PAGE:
Everyone should have at least some familiarity with edible berries, as they were one of the first food sources of our ancestors and have remained a viable food source ever since. Berries are tricky, however, as not all kinds are safe to eat. In fact, some are downright toxic and will kill you in mere hours if ingested. Your safest bet with berries is to stay away from any with which you are unfamiliar. On the plus side, if you find some that look like blueberries, the likelihood is that they are, in fact, blueberries and are safe to eat. So, as a rule of thumb, don’t eat any berries unless you are certain what kind they are.


Location: Wetlands
Edible Parts: Stems, Roots, & Cores

Also known as punks, corndog grass, bulrush, or reedmace – these plants are found all around the wetlands of the world. So, if you’ve managed to find a reliable source of natural water in your travels, there’s a pretty good chance that cattails are not far away. And, thankfully, many parts of this plant are edible – including the rhizomes (subterranean stems), the hearts of the stems, and even the roots. Be wary, however, of any cattails growing near polluted water, as the plants will draw the toxins into their roots and, when you eat them, you’ll be about as well-off as having drank the polluted water straight. Still, if you’re confident that the water isn’t nuclear, you’re probably safe.


Location: North America, Europe, & Australia
Edible Parts: Entire Plant

With its recognizable blue and white flowers, chicory can be found all over North America, Europe, and Australia. Which is a lucky thing, because the entirety of the plant can be eaten. You don’t even have to cook it, although it will taste better if you do. Interestingly enough, chicory is also used widely as salad greens, as a coffee substitute, and for medicinal purposes. It’s also related to another one of the edible plants on this list: dandelions.


Location: Temperate Climates Around The World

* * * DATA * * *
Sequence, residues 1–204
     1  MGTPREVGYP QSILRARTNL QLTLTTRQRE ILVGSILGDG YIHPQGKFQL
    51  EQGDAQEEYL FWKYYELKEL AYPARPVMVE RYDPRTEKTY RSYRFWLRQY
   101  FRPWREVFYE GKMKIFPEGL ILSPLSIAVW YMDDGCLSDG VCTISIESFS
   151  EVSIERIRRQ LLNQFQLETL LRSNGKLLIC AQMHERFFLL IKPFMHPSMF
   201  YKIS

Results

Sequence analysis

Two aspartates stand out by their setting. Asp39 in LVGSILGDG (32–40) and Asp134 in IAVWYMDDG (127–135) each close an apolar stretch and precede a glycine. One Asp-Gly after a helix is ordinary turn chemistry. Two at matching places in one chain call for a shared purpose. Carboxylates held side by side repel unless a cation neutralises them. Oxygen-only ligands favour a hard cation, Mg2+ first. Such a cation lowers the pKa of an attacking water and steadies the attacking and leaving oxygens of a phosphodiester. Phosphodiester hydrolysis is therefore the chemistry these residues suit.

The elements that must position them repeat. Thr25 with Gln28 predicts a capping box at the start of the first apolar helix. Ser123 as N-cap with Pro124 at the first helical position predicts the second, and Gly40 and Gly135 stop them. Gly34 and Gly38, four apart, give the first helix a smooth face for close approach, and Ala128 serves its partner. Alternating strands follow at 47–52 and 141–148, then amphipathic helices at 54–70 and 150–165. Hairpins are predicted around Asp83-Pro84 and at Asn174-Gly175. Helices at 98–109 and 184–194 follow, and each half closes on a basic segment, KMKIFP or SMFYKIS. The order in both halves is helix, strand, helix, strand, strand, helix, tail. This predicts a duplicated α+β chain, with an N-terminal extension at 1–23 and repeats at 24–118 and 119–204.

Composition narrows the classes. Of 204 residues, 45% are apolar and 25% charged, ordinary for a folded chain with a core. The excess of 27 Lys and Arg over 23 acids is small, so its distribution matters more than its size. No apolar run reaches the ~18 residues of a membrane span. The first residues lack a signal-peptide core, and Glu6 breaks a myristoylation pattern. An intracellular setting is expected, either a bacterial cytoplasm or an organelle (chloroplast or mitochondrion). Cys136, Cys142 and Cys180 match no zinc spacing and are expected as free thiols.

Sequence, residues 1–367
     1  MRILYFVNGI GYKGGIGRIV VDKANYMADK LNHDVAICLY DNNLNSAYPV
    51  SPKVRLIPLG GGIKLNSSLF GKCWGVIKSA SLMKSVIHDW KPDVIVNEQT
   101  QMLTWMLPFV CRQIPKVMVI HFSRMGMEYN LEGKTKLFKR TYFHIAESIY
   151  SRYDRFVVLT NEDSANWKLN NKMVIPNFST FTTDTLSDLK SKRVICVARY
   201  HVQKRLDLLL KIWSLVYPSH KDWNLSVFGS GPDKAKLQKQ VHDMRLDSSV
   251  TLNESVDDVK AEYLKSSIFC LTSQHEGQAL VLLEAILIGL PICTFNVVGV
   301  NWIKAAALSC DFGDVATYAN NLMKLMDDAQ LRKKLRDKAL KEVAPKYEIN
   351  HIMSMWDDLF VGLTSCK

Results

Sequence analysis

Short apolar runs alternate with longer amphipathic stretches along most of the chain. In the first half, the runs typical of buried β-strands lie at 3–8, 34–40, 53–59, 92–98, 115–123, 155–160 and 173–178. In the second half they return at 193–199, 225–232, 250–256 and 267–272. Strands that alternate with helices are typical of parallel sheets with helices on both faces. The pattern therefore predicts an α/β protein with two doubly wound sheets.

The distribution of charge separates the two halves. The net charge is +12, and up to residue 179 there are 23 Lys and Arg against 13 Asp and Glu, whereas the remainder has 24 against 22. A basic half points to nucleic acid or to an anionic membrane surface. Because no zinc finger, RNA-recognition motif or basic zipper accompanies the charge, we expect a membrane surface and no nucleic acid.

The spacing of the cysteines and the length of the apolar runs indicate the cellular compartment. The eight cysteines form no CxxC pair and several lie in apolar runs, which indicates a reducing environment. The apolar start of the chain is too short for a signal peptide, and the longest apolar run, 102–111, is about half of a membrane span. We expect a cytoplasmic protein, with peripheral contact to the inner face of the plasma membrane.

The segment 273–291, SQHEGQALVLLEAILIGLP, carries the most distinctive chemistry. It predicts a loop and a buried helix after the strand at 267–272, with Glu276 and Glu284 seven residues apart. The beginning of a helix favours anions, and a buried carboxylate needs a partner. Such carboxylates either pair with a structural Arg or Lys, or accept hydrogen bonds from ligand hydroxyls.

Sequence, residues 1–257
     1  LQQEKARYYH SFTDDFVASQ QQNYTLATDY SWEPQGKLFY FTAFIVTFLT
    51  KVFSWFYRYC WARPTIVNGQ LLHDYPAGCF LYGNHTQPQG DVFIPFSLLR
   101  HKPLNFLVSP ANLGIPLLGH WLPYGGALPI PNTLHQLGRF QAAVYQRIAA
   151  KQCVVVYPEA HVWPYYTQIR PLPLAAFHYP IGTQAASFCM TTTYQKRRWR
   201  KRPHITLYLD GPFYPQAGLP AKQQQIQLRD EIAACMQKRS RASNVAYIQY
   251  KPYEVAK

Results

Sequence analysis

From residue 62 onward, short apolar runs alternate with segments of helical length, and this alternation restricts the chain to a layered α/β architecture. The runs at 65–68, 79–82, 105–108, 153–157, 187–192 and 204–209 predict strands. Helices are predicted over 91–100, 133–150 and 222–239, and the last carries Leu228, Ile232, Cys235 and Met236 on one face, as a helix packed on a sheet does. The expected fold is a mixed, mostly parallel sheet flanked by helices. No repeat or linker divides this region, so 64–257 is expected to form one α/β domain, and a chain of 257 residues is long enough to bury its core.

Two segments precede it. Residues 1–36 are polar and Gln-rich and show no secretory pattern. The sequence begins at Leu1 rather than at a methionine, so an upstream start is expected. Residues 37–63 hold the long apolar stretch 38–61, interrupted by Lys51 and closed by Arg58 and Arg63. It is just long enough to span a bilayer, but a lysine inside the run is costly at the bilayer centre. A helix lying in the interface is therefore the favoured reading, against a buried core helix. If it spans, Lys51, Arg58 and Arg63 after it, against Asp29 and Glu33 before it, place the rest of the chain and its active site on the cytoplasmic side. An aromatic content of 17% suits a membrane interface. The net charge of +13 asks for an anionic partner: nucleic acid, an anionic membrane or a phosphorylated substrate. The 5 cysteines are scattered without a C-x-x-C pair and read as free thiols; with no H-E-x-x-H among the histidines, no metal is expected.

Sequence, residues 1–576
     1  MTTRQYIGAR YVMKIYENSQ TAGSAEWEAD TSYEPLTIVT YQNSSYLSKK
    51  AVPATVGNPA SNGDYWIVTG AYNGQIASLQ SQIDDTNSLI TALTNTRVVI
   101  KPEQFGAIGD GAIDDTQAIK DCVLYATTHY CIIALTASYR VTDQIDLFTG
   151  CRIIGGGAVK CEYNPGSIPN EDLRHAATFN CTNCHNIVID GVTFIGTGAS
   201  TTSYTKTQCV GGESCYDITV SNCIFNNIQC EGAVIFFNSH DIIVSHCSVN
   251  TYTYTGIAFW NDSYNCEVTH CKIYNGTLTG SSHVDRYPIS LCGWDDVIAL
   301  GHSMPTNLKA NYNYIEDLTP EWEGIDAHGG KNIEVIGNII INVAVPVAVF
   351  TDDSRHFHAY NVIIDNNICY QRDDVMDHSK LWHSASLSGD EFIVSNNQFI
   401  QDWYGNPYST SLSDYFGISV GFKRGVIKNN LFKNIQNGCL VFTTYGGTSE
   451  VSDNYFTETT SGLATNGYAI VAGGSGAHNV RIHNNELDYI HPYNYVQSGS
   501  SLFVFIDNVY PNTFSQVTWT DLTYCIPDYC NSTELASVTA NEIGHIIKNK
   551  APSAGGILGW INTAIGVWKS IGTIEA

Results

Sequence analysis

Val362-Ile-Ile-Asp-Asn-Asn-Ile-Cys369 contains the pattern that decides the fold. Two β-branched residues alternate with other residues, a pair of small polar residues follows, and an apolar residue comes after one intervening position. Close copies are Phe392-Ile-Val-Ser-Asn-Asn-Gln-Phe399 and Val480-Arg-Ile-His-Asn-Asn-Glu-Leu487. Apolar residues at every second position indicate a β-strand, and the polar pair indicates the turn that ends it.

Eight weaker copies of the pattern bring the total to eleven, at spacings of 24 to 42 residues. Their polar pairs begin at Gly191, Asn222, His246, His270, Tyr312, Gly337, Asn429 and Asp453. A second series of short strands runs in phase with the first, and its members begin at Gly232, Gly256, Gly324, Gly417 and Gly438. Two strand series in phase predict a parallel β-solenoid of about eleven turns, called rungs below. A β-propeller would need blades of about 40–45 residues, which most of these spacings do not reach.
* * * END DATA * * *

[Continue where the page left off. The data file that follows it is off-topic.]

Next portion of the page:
Edible Parts: Entire Plant

If you see the word ‘clover’ and it conjures images of the little leafy plant commonly associated with Irish holidays, traditions, and sports teams, you’re exactly on track. These little plants, which can be found growing in grassy areas all around the world, are absolutely edible from their leaves to their stems. It should be mentioned, however, that raw clovers do have a tendency to be a bit bitter, but boiling them can help that tremendously – so long as you aren’t bothered by the same slimy texture as boiled spinach.


Location: Varying Climates & Conditions Around The World
Edible Parts: Entire Plant

Like their cousin, chicory, dandelions are an incredibly robust plant which can survive in many different regions around the world. Similarly, they’re also entirely edible, from root to flower and are even commonly used as a salad green. As is the case with most wildflowers, the flavor of dandelions tends to get more bitter with age, so the younger the better. That means, you’ll want to eat these plants when they still have yellow flower heads and not the white puffs of seeds they become toward the end of their lifecycle. You can also boil them to decrease their bitterness.


Location: North America, Europe, & Asia
Edible Parts: Entire Plant (Especially When Young)

Though you might think them named for their red-stemmed flowers, fireweed actually got the moniker for its common abundance in areas that have recently suffered wildfires. That is to say, these plants grow best in soil that has recently burned over. A common dietary staple of many Native American tribes, fireweed can be found in abundance across the United States, in Europe, and even as far as Australia. It is notable for its reddish stalks and pink-to-purple flowers, all of which can be eaten – especially when the plant is in its younger stages.